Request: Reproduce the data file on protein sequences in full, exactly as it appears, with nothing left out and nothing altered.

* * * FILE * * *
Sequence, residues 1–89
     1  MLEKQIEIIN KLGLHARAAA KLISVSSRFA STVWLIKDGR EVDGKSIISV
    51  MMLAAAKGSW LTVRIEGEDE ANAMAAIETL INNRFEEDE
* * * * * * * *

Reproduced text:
Sequence, residues 1–89
     1  MLEKQIEIIN KLGLHARAAA KLISVSSRFA STVWLIKDGR EVDGKSIISV
    51  MMLAAAKGSW LTVRIEGEDE ANAMAAIETL INNRFEEDE